But as I said, I don’t know for sure what the procedure is for making a change like this. So, I’m asking our readers for thoughts. Should more contributors be recognized? If so, how would you suggest changing the voting process? If not, why?

And while you’re sharing your thoughts on this topic I’ll see if I can’t find some clarity to the process under which such a change to the voting could be made.

The Pro Football Hall of Fame announced plans to renovate a portion of its existing structure and expand from 83,000 square feet to 124,000 square feet in a $23.6 million project that will take two years to complete.

The “Future 50 Project” will wrap up during the 50th Anniversary of the hall’s opening and will lay the foundation for the building’s next 50 years of operations, according to a statement.

“The growth and accomplishments of the Pro Football Hall of Fame during its first 50 years are widely acclaimed,” said Steve Perry, president and executive director. “It’s great that we are able to build upon the success of the past and initiate this major project to set the stage for success in the future.”

The project will include: Continue reading

We’re closing in on two weeks since the Saints beat the Colts in the Super Bowl and my body is slowly adjusting to the next six months without football.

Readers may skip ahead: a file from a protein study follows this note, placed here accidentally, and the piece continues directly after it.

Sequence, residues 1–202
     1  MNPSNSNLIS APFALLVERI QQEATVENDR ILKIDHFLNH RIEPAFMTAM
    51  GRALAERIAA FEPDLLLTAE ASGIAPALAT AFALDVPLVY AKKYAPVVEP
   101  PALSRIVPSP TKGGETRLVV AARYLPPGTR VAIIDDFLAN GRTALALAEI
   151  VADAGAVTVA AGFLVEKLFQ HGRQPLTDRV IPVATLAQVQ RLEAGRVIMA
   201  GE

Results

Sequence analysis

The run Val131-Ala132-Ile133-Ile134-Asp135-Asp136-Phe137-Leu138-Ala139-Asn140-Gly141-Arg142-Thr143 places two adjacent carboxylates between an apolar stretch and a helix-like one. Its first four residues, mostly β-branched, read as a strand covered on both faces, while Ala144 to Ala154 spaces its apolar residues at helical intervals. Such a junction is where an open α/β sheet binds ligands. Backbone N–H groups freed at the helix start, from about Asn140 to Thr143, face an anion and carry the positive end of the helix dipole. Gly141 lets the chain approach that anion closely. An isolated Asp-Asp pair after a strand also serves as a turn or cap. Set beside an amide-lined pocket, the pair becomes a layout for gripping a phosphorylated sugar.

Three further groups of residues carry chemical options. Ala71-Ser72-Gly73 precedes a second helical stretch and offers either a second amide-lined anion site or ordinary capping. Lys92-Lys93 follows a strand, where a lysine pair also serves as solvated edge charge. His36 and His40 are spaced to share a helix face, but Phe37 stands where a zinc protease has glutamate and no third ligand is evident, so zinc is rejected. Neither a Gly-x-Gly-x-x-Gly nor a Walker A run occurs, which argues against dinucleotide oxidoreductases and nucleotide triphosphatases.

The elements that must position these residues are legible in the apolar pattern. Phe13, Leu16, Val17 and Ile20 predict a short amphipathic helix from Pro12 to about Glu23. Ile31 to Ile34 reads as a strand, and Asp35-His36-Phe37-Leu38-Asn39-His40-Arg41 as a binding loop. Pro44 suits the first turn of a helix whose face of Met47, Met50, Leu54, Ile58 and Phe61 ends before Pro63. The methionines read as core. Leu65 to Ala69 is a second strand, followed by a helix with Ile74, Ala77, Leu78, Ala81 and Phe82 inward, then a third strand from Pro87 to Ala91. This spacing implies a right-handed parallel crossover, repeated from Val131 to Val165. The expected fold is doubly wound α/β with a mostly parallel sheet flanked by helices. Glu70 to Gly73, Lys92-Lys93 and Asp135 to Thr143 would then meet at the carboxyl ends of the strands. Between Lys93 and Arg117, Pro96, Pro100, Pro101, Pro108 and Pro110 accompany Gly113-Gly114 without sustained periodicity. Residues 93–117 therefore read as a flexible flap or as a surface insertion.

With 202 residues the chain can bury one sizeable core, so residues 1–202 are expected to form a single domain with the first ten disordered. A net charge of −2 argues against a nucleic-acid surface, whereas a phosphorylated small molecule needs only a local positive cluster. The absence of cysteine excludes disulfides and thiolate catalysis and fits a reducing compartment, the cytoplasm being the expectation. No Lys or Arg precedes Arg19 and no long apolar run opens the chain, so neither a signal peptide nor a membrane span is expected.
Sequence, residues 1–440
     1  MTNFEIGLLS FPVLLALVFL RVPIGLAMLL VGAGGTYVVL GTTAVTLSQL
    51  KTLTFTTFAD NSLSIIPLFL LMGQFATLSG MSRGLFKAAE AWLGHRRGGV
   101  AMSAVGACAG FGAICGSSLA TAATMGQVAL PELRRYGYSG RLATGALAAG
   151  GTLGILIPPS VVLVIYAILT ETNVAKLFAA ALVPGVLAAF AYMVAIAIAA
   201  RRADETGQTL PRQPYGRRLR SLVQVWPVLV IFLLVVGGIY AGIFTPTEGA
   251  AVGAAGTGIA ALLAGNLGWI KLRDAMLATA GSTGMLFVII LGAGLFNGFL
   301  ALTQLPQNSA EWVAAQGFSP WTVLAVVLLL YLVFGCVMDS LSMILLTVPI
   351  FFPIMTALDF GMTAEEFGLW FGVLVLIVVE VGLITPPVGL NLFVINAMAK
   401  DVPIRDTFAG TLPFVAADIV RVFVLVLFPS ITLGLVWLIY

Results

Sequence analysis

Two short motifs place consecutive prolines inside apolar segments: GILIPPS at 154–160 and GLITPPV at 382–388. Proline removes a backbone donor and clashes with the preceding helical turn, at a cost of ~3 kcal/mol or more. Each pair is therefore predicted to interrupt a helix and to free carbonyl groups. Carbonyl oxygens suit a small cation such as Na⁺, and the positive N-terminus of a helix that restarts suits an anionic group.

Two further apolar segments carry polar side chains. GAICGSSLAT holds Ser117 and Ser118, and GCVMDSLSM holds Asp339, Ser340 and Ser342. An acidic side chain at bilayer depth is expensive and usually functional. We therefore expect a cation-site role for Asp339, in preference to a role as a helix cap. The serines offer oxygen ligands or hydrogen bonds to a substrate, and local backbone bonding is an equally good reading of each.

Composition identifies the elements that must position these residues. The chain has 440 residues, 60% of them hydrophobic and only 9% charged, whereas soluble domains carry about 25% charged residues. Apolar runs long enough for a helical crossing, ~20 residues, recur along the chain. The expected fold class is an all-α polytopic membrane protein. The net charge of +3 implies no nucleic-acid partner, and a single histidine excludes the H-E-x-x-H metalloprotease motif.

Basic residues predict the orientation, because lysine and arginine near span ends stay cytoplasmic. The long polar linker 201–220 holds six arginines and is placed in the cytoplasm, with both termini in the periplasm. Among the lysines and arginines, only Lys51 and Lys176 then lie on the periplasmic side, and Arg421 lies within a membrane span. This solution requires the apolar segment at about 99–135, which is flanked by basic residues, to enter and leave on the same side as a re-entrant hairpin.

One of the things I keep reading in the days since what I thought was a pretty exciting game between two very good teams and two great quarterbacks is that the interception Peyton Manning threw on his way to the game-tying touchdown drive somehow cheapens his legacy as a star quarterback.

I’ll grant you, Manning has, at times, struggled in big games. But to say throwing a pick-six against New Orleans somehow detracts from him being one of the top quarterbacks of all-time is ridiculous.

First of all, this wasn’t an all-time great Colts team all season long. Sure, they were 14-0 before the coaches pulled the starters against New York. But Indianapolis won eight games by one score or less. Other than a four game stretch of dominance from their third game to their sixth game, when they won games by 21, 17, 22 and 36 points, the Colts generally played competitive games this year. This was a very, very good team, but any belief that this was a dominant bunch was misguided.